It was a last bit of publicity before his career in organized baseball ended.  Later in the month he was dismissed as manager of the Fresno Raisin Eaters, and the team was dropped from the Pacific Coast League (PCL) the following spring.

Within weeks Fisher had moved on to a new project; he announced that he was in the process of forming a team to travel to Hawaii.  The San Francisco Call said “It will be the first American ball team to make the trip across the Pacific in a little over nineteen years,” since Spalding’s world tour.

In conjunction with Jesse Woods, a Honolulu promoter, Fisher organized a tour of the Hawaiian Islands with a team of PCL stars.

Mike Fisher

Mike Fisher

Upon his return, Fisher got more ink on the West Coast, when he headed to Nevada with Charlie Irwin of the San Francisco Seals; the two met with businessmen in the mining towns of Goldfield and Tonopah to discuss forming a professional league—Fisher told The San Jose Mercury News that he was now “against organized baseball,” and if he got involved in the league “it will be an outlaw organization.”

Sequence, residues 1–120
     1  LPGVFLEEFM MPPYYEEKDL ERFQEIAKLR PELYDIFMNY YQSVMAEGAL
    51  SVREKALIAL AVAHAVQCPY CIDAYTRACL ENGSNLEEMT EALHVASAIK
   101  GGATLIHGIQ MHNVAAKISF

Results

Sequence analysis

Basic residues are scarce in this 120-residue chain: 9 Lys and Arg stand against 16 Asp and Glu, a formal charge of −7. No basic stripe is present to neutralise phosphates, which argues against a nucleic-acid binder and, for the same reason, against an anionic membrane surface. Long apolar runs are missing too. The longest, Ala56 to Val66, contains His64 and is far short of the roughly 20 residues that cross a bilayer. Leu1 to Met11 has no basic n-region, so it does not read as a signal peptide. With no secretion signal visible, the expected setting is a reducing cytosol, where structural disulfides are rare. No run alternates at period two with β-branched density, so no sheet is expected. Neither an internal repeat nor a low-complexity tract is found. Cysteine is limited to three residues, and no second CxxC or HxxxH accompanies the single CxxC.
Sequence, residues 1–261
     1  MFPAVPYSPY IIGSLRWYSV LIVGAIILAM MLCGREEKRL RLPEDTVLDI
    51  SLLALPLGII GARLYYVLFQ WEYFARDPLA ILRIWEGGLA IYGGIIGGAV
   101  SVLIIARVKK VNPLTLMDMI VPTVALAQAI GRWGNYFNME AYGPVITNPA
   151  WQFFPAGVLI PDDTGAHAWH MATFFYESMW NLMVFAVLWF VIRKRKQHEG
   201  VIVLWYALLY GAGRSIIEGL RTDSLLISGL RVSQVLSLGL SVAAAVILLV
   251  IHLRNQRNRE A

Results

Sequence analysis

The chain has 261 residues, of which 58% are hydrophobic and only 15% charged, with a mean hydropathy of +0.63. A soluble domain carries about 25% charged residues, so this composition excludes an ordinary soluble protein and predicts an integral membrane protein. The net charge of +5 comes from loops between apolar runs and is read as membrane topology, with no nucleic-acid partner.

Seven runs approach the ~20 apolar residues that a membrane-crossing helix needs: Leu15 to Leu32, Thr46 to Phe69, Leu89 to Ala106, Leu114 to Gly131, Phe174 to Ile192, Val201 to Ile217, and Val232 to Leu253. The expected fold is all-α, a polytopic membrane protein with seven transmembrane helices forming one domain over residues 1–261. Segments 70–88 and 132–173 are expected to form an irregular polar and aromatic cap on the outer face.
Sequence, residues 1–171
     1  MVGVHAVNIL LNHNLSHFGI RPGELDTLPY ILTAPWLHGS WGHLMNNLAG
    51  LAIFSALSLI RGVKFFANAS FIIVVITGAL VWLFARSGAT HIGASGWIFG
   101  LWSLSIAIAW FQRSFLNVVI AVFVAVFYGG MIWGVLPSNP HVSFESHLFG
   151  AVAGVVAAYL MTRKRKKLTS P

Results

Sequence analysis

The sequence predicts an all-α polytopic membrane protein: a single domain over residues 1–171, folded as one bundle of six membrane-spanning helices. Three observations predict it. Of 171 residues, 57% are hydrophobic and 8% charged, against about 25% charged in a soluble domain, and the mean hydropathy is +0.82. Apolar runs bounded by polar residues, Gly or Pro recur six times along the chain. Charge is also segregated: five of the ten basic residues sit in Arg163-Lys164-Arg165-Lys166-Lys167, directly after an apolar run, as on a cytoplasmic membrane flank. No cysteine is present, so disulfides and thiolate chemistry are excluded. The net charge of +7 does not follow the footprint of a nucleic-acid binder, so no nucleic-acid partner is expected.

Fisher chose not to get involved in the new league, but immediately went to work on an even more ambitious tour than the 1907 Honolulu trip.

With the sponsorship of the Reach Sporting Goods Company, Fisher would accompany a group of stars to China, Japan and the Philippines.  Early publicity promised the travelers would include Ty Cobb, Hal Chase, and Frank Chance.

When the ship set sail in November of 1908 those three stars were not on board, but “several hundred fans and friends” were present when the steamer China left the port in San Francisco to see the group off.  The team was substantially the same as the one that toured Hawaii the previous year—an aggregation of PCL stars and a few National and American League players– and consisted of: Jim Delahanty, George Hildebrand, Bill Burns, Pat Flaherty, Jack Bliss, Babe Danzig, Harry McArdle, Nick Williams, Joe Curtis, Heine Heitmuller, Jack Graney and Bill “Brick” Devereaux.

Despite the failure to land Cobb, Chase or Chance for the tour, the West Coast press applauded Fisher for even attempting the trip, The Call said: